Manchester

Laughing gas laws not working, says ex-chief crown prosecutor

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Media captionManchester shops 'selling laughing gas for balloons'

The law governing the sale of nitrous oxide, widely known as laughing gas, is simply not working, a former senior prosecutor has said.

Legislation introduced in 2016 made it illegal to sell the gas, also known as "noz", for psychoactive purposes.

But undercover BBC journalists easily bought nitrous oxide by phone, online and in person at two Manchester shops.

Former North West of England Chief Crown Prosecutor Nazir Afzal said the law was clearly failing to stop supply.

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Nitrous oxide use was linked to five deaths last year, according to official statistics, and is the second most popular recreational drug after cannabis in England and Wales.

Image copyright ALAMY
Image caption Nitrous oxide, which can lawfully be sold for whipping cream, is typically sold in small silver canisters

Its supply is difficult to control because it has legal uses - to produce whipped cream in the catering industry, and in medicine as an anaesthetic.

A joint investigation by BBC North West Tonight and BBC Radio Manchester found it was relatively simple to flout the law.

A reporter called Bolton-based 24/7 delivery company Speedy Whipped Creams and asked if she could get some "noz" delivered to an address in Manchester.

Within two hours, a taxi driver handed over a bag containing two boxes of 24 canisters.

In a statement, Speedy Whipped Creams said: "We do not sell laughing gas - we sell cream chargers.

"If we'd known the customer intended to use the product as a drug, we would not have delivered it."

'Death in a box'

An undercover reporter also visited 10 corner shops in Manchester, asking each time for "laughing gas" or "noz".

She was able to obtain nitrous oxide from two of them.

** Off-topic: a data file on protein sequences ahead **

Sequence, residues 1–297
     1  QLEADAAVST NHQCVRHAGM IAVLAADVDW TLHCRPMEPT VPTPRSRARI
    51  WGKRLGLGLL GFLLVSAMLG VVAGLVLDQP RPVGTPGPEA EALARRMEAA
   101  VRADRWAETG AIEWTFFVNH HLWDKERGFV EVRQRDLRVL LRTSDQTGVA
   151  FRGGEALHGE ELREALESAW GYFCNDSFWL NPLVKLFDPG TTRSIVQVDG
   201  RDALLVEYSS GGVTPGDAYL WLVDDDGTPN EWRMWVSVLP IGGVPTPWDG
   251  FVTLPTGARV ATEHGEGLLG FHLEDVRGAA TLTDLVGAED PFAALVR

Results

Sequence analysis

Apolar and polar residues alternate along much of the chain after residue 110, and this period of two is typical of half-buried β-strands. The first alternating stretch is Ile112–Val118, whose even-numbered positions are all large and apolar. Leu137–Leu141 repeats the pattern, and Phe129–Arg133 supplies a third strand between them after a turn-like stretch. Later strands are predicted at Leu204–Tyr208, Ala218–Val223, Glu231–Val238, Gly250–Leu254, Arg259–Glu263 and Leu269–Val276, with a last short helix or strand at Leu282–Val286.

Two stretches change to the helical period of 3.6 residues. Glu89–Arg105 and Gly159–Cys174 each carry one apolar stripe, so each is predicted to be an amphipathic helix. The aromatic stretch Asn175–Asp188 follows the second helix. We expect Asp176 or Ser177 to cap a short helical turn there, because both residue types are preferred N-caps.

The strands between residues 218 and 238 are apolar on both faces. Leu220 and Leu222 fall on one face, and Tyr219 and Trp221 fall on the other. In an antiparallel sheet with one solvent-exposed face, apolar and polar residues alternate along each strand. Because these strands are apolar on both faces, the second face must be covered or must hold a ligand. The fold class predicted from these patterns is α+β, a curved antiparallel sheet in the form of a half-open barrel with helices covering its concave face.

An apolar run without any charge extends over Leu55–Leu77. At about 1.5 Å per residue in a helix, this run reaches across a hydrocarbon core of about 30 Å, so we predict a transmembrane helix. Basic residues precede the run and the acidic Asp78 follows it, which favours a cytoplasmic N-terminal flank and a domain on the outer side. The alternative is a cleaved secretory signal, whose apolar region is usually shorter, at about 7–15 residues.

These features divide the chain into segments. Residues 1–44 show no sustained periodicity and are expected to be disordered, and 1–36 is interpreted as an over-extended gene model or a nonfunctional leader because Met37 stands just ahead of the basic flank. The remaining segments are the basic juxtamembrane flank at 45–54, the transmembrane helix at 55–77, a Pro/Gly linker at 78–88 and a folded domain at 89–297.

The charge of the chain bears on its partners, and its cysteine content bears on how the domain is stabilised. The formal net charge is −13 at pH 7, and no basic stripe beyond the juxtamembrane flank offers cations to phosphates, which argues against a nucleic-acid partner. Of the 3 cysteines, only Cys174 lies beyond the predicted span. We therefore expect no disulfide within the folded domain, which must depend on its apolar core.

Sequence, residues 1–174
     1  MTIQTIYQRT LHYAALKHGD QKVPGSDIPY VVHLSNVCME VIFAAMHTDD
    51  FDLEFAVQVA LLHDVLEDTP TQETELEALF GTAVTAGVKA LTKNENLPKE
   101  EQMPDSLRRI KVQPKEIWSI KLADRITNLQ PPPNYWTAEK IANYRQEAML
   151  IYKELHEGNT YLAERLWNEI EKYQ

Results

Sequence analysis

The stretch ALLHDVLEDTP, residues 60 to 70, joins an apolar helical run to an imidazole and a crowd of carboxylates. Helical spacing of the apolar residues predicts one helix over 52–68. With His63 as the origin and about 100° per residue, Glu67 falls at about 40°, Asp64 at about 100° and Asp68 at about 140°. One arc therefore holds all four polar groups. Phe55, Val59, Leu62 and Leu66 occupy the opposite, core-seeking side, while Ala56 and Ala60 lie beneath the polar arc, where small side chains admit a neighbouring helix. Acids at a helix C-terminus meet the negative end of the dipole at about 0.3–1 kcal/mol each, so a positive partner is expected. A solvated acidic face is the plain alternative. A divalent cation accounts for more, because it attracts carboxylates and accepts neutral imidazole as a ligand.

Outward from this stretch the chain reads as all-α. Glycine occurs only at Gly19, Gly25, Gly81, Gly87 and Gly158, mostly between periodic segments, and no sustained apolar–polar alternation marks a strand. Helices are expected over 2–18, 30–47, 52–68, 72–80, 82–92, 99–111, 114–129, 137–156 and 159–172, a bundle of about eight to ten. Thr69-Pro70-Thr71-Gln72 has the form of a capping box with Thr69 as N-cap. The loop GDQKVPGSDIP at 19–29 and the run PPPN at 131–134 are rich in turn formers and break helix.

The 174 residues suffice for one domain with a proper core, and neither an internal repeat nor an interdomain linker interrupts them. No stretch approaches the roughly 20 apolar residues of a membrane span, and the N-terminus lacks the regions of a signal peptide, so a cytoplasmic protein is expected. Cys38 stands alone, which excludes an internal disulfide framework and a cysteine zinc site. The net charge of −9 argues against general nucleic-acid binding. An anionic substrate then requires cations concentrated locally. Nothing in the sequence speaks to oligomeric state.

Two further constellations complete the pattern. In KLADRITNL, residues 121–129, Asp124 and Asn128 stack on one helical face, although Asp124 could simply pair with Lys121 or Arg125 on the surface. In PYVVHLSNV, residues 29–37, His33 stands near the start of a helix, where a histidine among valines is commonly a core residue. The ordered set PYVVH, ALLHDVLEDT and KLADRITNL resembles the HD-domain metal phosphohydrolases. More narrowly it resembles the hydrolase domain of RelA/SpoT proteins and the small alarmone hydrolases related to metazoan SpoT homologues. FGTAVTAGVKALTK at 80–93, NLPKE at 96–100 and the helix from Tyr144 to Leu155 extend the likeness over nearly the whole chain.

Mr Afzal, who described nitrous oxide canisters as "death in a box", told the BBC he was worried when shown undercover footage.

Image copyright PA
Image caption Noz canisters are often found discarded in parks and at music festivals

"We've got many instances of people who have... suffered serious harm and death because they've used, misused and abused what it is you've purchased," he said.

He called for the sale of nitrous oxide to be licensed to make "it much more rigorous, rather than what it currently is - a complete free-for-all".

The BBC investigation also uncovered how people can quickly order nitrous oxide for home delivery on Amazon.

In one case, laughing gas canisters were handed over to a 16-year-old without any questions asked.

Image caption Nazir Afzal is a former crown chief prosecutor for north-west England

Amazon told the BBC: "Product pages for age-constrained items highlight that they are for over 18s only, and we state clearly on our website that users of amazon.co.uk must be 18 or older or accompanied by a parent or guardian."

Prof Harry Sumnall, of Liverpool John Moores University's Public Health Institute, said surveys suggested about 9% of 16 to 24-year-olds had used nitrous oxide, a figure that had remained static despite the change in the law.

"Over the last 15 to 20 years, there's been around 30 deaths associated with nitrous oxide," he said.

"So in relation to the number of users, deaths are relatively rare, thankfully, but obviously the risk is there."


Nitrous oxide - the highs and lows

  • Effects: Feelings of euphoria and calmness, dizziness, difficulty in thinking straight and fits of giggles/laughter, sound distortions or hallucinations
  • Risks: Inhaling nitrous oxide directly from the canister or doing it in an enclosed space - eg with a plastic bag over your head - is very dangerous
  • Warning: If you take too much nitrous oxide you risk falling unconscious and/or suffocating from the lack of oxygen. People have died this way
  • If someone collapses after using nitrous oxide, call 999 immediately, turn them on to their side to avoid choking and stay with them until an ambulance arrives

Source: Frank


In the past financial year, there were 16 seizures of nitrous oxide across north-west England.

Det Ch Insp Gwyn Dodd of Greater Manchester Police, said: "We carry out regular patrols in the areas most affected, including university campuses and accommodation, to tackle those who are selling these substances and advise those who are using psychoactive substances just how dangerous it can be."

The Home Office said: "Drugs like nitrous oxide have already cost far too many lives, which is why this government changed the law to make it illegal to supply for its psychoactive effect."

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